Systematic review of the effectiveness of antiemetic medication for prevention and treatment of chemotherapy induced nausea and vomiting in childhood


Nausea and vomiting continue to be a problem for children undergoing treatment for malignancies and are highly unpleasant despite modern antiemetic (anti-sickness) therapies. Selecting the most appropriate and effective antiemetic regimen has the potential to significantly impact on quality of life. The most effective doses of many of these drugs, and the best routes to give them, remain uncertain in children, due to limited studies, which results in inconsistencies and variation in prescribing, often underpinned by the personal preference and experience of the doctors as opposed to research based evidence.

Nausea and vomiting can have profound physical and psychological consequences. The physical consequences may include dehydration, abnormal blood chemistry, lack of appetite, weight loss, weakness, increased susceptibility to infections and a disruption of normal childhood activities. Chemotherapy induced nausea and vomiting are considered to be among the worst side effects of chemotherapy, causing much distress to the child and family.

There appear to be distinct clinical phases of nausea and vomiting related to chemotherapy. These commence with anticipatory nausea and vomiting (ANV) – symptoms preceding the administration of chemotherapy, often following a previous bad chemotherapy experience. This can happen in up to 1 in 5 children. This type of nausea and vomiting is difficult to treat with anti-sickness medication. Symptoms following administration of chemotherapy, and within 24 hours, are described as “acute” nausea and vomiting. The incidence of this varies by the chemotherapy received, but can be upwards of 90% likely for some commonly used agents (e.g. cisplatin). Symptoms occurring after 24hrs are described as delayed nausea and vomiting, and may occur in up to half of patients.

Our aim is to undertake a systematic review of pharmacological approaches to nausea and vomiting in children and young people who have cancer in order to prevent or reduce anticipatory, acute and delayed symptoms.


Chemotherapy to treat cancer in children and young people can produce nausea (feeling sick) and vomiting (actually being sick). These are extremely unpleasant sensations, and continue to be a problem despite better antiemetic (anti-sickness) drugs. This review found that only 28 good quality trials had been undertaken in children, examining 23 drug combinations. Trials tended to report vomiting rather than nausea, even though nausea is generally a more distressing experience for individuals. No very firm conclusions can be made about which drugs are best, what dose of drug is most effective or whether to use them as oral (by mouth) or intravenous (injected) treatments. It seems that the 5HT3 antagonists (the "trons", for example ondansetron, granisitron or tropisitron) are better than older agents, and that giving dexamethasone as well as these drugs makes them even better. We suggest future new research needs to look at things that patients and families deem important, use established measures of nausea and vomiting, and try to use even newer techniques to undertaken reviews to maximise the information available.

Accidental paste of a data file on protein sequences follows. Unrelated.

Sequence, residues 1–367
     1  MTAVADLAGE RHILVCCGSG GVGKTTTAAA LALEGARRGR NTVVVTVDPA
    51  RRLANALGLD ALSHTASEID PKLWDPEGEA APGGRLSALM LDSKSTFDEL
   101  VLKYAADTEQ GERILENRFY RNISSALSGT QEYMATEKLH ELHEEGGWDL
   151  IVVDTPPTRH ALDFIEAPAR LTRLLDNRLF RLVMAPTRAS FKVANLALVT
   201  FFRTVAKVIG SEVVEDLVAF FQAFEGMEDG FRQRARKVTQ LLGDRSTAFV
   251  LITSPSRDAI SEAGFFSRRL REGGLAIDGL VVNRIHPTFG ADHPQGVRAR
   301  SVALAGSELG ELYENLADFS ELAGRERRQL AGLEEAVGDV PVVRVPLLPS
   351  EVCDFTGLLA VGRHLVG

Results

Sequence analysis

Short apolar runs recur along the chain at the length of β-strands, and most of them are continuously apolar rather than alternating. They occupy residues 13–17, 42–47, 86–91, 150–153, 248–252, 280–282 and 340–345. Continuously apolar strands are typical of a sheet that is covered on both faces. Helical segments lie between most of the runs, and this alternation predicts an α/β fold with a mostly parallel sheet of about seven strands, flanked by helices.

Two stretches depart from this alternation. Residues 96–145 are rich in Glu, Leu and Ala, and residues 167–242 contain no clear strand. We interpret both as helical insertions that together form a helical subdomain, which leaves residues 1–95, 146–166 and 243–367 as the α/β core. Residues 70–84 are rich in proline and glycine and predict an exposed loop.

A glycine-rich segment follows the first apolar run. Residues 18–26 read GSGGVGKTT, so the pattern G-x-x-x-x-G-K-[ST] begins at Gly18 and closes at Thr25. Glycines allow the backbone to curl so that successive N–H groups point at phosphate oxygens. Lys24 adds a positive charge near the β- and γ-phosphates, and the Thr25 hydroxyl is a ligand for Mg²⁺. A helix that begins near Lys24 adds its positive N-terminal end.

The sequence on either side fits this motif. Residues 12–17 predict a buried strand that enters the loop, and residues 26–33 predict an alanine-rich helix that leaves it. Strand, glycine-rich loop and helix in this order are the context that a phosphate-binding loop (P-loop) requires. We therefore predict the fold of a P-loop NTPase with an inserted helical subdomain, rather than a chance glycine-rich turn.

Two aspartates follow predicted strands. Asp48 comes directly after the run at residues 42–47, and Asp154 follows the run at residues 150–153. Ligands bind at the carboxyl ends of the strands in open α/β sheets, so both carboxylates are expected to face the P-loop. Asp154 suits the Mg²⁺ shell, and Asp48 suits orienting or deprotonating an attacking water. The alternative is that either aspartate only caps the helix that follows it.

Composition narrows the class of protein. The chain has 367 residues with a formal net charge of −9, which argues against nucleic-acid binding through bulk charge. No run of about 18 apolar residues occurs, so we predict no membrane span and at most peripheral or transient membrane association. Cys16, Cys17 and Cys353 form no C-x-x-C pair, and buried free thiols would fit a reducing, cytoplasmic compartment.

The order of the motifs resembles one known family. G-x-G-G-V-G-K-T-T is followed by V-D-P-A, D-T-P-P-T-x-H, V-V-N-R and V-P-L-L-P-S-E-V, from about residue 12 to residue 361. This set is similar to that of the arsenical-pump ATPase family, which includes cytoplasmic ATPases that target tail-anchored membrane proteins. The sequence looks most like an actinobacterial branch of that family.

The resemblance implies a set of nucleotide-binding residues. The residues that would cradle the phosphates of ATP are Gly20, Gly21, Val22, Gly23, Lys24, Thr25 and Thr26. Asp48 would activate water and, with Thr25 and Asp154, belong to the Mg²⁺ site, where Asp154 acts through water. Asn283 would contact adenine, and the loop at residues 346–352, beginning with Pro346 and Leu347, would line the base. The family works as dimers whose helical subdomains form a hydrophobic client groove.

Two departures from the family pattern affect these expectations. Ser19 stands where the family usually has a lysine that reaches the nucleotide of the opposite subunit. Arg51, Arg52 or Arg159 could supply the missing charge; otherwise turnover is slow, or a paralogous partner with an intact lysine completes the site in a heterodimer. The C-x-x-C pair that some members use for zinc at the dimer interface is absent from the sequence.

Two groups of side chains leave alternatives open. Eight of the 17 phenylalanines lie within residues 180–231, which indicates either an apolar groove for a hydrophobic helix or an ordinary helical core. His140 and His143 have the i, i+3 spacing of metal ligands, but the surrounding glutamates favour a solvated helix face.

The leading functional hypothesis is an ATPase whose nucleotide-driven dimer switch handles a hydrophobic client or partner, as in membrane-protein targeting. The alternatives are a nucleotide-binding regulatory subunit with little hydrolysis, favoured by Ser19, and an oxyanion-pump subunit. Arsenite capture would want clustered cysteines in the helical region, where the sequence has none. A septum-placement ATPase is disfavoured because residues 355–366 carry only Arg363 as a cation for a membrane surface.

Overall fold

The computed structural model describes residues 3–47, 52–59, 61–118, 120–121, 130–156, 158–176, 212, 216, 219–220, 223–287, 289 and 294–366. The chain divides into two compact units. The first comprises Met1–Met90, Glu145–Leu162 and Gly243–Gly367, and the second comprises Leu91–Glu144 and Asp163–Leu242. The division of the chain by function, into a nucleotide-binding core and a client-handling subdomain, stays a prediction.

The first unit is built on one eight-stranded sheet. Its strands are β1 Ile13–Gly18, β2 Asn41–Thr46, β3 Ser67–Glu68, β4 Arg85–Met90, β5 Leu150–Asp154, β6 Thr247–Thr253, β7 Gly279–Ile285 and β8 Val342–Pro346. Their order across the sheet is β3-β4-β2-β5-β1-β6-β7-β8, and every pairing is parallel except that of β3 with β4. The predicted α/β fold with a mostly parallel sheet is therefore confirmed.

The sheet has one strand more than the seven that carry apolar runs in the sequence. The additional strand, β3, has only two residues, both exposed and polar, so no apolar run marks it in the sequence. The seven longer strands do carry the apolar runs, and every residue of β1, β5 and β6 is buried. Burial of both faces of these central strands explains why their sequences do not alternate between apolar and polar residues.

Conducted by: Bob Phillips1, Shireen Gopaul2, Faith Gibson3, Elizabeth Houghton4, Jean V Craig5, Kate Light1, Barry Pizer6

1 Centre for Reviews and Dissemination, University of York; 2 Section of Experimental Oncology, Leeds Institute of Molecular Medicine/Cancer Research UK Clinical Centre/St James University Hospital; 3 Patient Care Research & Innovation Centre, UCL Institute of Child Health and Great Ormond Street Hospital for Children NHS Trust; 4 Pharmacy, Alder Hey Children's NHS Foundation Trust; 5 School of Medicine, Health Policy and Practice, Norwich; 6 Oncology Unit, Alder Hey Children's NHS Foundation Trust


Phillips B, Gopaul S, Gibson F, Houghton E, Craig JV, Light K, Pizer B. Antiemetic medication for prevention and treatment of chemotherapy induced nausea and vomiting in childhood. Cochrane Database Syst Rev. 2010; 9: CD007786


Phillips R, Gibson F, Gopaul S, Light K, Craig JV, Pizer B, Houghton E. Antiemetic medication for prevention and treatment of chemotherapy induced nausea and vomiting in childhood. NCRI Cancer Conference; 2009 October; Birmingham, UK


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